How Is the Effectiveness of a Human Resource Strategy Measured?
Setting specific goals for human resources performance can help you measure the effectiveness of your efforts and let you tweak and adjust them where needed to foster improvement. A proactive HR strategy covers areas such as recruiting, training and managing employees in the most cost-effective ways possible. Reviewing your specific goals for each will help you measure your anticipated benefits against your actual results.
One way to measure the effectiveness of your HR strategies is to examine the quality of the new employees you’re able to hire. Start with the creation of a detailed organizational chart that fills all of your functional needs. Create detailed job descriptions for each position and the skills and abilities needed for each one. Doing this for current employees allows you to determine if you’ve filled each position with the best worker possible. If your research finds your employees are lacking some skills and abilities, you will know you need to rethink your job descriptions, want ads, interviewing techniques or compensation packages.
Each position you fill should have a target contribution to the company. Some employees might have measurable goals, such as a production worker who you want to make X number of units per day, or a sales rep who you want to sell X dollars worth of business per month. Other positions have intangible goals, such as a receptionist or IT person. Creating detailed job descriptions for each position will help you set desired outcomes for your staff that you can review to determine if your strategies are producing the results you expected. Reviewing your training policies will help you determine if that’s an area that’s contributing to worker productivity as you expected.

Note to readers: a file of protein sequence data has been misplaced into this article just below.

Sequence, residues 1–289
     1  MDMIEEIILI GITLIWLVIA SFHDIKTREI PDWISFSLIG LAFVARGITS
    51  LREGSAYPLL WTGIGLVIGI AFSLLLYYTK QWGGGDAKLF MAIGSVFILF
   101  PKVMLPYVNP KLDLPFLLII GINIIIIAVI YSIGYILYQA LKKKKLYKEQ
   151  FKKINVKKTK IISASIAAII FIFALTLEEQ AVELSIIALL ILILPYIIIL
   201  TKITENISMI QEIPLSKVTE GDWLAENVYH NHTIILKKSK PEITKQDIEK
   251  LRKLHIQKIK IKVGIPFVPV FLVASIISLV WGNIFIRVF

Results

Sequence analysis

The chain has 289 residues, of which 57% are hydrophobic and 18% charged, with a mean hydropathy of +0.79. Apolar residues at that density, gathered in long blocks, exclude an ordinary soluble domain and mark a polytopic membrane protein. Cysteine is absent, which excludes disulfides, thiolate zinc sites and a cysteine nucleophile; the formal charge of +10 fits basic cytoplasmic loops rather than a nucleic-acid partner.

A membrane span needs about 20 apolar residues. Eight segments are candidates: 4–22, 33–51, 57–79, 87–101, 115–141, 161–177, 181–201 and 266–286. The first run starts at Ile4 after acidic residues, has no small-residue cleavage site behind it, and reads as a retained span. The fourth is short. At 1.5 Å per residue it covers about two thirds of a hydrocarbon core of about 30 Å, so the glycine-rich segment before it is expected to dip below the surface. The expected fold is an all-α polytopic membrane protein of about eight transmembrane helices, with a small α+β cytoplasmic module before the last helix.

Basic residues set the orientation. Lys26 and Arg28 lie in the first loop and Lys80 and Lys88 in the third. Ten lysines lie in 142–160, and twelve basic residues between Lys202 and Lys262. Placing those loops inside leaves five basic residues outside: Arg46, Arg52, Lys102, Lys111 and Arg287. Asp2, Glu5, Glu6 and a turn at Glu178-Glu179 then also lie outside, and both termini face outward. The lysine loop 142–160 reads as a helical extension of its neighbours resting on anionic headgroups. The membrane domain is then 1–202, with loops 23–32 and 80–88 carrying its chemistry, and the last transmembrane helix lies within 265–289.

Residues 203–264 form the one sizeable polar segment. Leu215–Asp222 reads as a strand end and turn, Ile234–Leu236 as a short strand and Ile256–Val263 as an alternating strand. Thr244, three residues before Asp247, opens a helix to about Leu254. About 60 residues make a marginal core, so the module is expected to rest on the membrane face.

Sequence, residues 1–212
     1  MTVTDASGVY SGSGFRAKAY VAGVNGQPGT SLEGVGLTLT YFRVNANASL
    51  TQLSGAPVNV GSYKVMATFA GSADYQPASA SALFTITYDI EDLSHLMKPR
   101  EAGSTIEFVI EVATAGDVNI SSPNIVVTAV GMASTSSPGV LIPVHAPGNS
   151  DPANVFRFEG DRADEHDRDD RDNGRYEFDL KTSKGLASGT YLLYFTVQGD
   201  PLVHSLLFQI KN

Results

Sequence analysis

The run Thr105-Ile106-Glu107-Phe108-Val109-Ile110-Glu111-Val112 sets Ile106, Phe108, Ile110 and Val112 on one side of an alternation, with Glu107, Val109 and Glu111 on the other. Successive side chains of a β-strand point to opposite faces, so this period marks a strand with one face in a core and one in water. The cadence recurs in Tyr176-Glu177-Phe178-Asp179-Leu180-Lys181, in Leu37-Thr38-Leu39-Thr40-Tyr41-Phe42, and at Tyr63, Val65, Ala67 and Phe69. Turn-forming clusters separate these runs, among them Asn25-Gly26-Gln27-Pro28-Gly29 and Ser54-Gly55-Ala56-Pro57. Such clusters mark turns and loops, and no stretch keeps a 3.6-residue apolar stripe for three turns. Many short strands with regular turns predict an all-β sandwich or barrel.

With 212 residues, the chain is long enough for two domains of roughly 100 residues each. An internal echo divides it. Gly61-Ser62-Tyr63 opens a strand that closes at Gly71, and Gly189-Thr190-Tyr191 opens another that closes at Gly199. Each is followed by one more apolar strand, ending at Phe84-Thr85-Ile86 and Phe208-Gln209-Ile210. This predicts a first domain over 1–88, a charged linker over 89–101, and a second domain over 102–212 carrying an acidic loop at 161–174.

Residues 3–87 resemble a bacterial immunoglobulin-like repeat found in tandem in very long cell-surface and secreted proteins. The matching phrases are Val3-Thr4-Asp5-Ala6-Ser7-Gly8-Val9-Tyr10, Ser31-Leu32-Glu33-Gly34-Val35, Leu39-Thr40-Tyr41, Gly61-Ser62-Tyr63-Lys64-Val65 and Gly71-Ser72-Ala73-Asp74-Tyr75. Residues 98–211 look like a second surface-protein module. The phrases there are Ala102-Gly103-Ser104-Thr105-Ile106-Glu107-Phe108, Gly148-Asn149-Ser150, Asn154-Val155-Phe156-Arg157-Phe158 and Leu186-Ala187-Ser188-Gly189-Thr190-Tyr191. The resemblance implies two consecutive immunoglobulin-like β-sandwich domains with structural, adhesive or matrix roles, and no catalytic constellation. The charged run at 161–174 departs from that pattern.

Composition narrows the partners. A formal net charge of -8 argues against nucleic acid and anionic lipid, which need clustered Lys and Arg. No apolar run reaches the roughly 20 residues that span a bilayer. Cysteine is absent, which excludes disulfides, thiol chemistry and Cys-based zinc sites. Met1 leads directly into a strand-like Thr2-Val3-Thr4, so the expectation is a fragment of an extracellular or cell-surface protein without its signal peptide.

The higher your staff turnover, the weaker your HR strategies may be. If you can’t keep employees, it might be due to causes such as a lack of communication or respect between management and staff, inability to deliver promises made during hiring, noncompetitive compensation or poor management and training of employees once they’re on board. Employee satisfaction surveys can help you pinpoint areas where you need to improve. Conduct exit interviews with departing workers to determine why you are losing staff and whether you need to change your retention strategies.
A key measurement for any HR strategy is cost. Conduct a budget variance analysis of your personnel costs, including those associated with recruiting, hiring, training, management, compliance and compensation. Determine if you need to outsource any of these areas to get more value for your budget. If you’re over budget, determine if that’s a case of inaccurate projections or lack of management of your HR function.